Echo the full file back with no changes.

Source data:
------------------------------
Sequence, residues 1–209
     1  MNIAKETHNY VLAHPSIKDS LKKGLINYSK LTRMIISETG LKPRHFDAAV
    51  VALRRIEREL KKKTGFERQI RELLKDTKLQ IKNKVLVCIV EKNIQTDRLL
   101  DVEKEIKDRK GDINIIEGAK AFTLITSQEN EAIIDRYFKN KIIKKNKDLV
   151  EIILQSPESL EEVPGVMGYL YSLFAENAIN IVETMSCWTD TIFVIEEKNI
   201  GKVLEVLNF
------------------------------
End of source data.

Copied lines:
Sequence, residues 1–209
     1  MNIAKETHNY VLAHPSIKDS LKKGLINYSK LTRMIISETG LKPRHFDAAV
    51  VALRRIEREL KKKTGFERQI RELLKDTKLQ IKNKVLVCIV EKNIQTDRLL
   101  DVEKEIKDRK GDINIIEGAK AFTLITSQEN EAIIDRYFKN KIIKKNKDLV
   151  EIILQSPESL EEVPGVMGYL YSLFAENAIN IVETMSCWTD TIFVIEEKNI
   201  GKVLEVLNF